“Quiet Quitting” – a new phenomenon or simply a new buzzword calling out the humdrum of work?

The viral HR term of the summer has undoubtably been “Quiet Quitting”. For those that have not heard of it, it started out on TikTok as a rebuttal to the USA’s “Hussle Culture”, or the tendency for employers to expect MORE from employees (after-hour phone calls, picking up someone else’s tasks when they are busy or falling behind, going above and beyond one’s job description). Some claim it has become a response to pandemic-worn workers who are burnt out, others claim its simply slackers justifying their slackness!

What is “Quiet Quitting” actually? It is the latest Gen Z buzzword attempting to improve our overall work-life balance. The rationale for this is threefold:

  1. Overworked – a WHO study from 2016 found that people working 55 hours or more in a week face a 35% higher risk of a stroke, and 17% higher risk of dying from heart disease, compared to people who work 35-40 hours per week. With our collective increased awareness of mental health and its importance, it makes sense to not overwork.
  2. Proper / equal pay – no one is going to wear themselves out for minimum wage or even a $35-40k annual salary. In a work economy with high unemployment, employers have traditionally pitted employees against one another with talk of “top performers” and “high achievers” being considered for promotions and career development. However, the threat of “Work hard or we will find someone who does” does not work as well when there are no new workers to be found! With employees now having the “upper-hand”, the tables have turned! It’s time for employers to stop expecting something (extra work) for nothing (no extra compensation).
  3. Invest in Me – to be a great communicator, one must first be a good listener, right? Same with your workplace culture – if you want employees to feel a part of the team, to feel good about going to work, then a company must first show how valued and important the employees are! Does your company give positive feedback or praise? Does your team know what the strategic priorities of the company are? Are your employees encouraged and supported in learning and development? Unless your company invests in their people, their people will not invest in the company.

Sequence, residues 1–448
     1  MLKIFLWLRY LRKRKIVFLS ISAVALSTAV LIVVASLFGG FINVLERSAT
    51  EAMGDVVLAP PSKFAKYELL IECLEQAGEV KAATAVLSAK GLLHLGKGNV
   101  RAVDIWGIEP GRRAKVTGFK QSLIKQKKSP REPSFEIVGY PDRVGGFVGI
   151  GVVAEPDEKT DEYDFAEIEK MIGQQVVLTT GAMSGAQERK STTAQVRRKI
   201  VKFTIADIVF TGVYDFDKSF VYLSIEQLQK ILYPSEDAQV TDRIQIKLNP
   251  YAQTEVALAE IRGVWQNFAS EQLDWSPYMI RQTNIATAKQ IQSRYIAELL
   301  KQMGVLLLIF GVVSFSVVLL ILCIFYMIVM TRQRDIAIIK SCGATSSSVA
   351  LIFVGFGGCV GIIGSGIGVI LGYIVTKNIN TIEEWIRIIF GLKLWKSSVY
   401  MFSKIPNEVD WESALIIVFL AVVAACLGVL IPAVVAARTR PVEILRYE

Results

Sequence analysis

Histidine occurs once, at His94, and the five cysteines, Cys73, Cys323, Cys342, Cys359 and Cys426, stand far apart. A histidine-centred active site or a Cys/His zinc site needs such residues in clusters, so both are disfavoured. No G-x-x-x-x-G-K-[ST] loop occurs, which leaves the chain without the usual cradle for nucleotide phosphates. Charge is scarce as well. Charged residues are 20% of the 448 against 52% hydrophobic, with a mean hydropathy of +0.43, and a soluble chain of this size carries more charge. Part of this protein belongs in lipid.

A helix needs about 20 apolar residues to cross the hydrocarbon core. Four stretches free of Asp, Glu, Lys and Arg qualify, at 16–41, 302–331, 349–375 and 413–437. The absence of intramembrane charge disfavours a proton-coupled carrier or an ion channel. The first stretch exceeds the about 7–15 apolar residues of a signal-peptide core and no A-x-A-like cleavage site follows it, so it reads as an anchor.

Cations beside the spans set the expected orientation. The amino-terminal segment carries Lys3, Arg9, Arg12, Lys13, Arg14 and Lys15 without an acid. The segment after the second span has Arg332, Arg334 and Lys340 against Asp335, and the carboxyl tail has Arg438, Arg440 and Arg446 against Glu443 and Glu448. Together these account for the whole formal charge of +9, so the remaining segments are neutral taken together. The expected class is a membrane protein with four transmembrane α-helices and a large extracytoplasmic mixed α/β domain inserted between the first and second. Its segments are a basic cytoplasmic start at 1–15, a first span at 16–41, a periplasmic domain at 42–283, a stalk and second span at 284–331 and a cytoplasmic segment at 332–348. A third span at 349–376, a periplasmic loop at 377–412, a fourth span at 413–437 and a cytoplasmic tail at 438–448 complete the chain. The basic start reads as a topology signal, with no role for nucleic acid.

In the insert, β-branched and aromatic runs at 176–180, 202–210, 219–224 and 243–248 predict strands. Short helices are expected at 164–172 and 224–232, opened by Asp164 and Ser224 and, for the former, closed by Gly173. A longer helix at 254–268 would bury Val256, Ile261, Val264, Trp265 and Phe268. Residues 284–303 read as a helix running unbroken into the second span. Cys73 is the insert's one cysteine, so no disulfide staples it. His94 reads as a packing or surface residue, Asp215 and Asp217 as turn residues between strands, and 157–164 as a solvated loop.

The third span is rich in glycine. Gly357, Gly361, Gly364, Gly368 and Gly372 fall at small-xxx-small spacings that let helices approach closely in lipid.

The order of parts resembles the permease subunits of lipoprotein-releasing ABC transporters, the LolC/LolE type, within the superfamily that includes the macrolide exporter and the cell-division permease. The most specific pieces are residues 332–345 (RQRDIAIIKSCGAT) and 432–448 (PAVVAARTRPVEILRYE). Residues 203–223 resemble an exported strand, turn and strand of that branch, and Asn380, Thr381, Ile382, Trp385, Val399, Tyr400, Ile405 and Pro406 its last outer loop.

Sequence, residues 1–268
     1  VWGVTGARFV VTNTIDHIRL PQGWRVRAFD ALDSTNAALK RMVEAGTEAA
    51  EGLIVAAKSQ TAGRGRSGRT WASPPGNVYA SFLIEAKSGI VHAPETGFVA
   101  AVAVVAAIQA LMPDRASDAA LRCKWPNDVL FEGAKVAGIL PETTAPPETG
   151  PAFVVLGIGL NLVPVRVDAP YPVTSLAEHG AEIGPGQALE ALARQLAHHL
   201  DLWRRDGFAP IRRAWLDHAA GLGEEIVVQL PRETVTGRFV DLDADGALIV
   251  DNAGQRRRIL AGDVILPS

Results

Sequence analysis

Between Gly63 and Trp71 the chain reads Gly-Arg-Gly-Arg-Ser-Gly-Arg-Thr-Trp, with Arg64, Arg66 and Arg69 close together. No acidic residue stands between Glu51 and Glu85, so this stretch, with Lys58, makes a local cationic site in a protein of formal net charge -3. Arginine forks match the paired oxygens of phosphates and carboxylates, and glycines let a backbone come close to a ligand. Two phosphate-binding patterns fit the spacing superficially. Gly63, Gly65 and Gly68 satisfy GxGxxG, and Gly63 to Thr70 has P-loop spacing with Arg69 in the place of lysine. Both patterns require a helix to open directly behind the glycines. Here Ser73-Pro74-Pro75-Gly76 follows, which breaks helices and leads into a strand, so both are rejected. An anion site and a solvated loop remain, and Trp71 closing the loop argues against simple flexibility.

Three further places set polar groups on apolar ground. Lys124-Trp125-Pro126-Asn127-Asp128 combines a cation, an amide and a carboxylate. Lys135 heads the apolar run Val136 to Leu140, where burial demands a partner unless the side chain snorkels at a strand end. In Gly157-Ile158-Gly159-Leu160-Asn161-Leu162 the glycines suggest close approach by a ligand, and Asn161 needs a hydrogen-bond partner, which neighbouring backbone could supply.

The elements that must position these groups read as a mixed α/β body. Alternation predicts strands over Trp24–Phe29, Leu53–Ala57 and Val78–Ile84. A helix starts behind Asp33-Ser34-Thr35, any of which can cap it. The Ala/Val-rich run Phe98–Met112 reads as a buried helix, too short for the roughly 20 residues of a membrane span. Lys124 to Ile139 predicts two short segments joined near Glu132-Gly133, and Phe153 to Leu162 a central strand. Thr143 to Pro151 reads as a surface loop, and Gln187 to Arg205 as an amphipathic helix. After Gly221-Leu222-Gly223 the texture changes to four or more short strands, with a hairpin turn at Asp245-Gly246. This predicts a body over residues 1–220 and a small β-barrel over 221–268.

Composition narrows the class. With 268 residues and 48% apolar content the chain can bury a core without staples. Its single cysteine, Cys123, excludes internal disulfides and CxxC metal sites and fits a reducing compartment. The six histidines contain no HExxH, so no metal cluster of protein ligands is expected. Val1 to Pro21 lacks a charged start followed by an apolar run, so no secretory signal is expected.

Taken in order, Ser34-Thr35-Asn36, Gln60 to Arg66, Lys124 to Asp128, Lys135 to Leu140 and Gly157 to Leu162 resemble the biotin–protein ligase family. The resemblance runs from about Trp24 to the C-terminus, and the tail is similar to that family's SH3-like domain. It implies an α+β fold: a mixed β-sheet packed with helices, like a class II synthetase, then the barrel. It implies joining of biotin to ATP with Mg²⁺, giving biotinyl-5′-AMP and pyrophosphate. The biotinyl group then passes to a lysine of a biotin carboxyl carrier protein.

So, is Quiet Quitting a new phenomenon or is it simply a newly coined term that explains the approach to work most workers have had for generations? It is a bit of both; Let me explain!

Firstly, we must acknowledge that our society is made up of a wide spectrum of workers – slackers, hustlers, high performers, and average Joes. Take any slice of the workforce and you’ll find a normal bell-curve distribution with the majority falling somewhere in the middle. These middle-of-the-roaders are showing up for work, doing their job, and going home at the end of the day. They are not the slackers or hustlers, but they are the majority, and employers need them, want them, love them! HR professionals have, for years, been trying to move the needle in terms of equal and equitable pay. We have been advocating for mental health awareness and the importance of good work/life balance, as well as the importance of staff learning and development. So really, there is nothing new here!

However, while these concepts are not new our society’s collective awareness and new-found dedication to improving things is (Thanks Pandemic and GenZ’ers!), and that is why quiet quitting has generated the buzz it has, and why as HR professionals we are excited to see where this phenomenon will take us!

1 Comment

  1. Shana
    September 23, 2022

    Fantastic post! I hope employers and employees alike learn from this new phenomenon.

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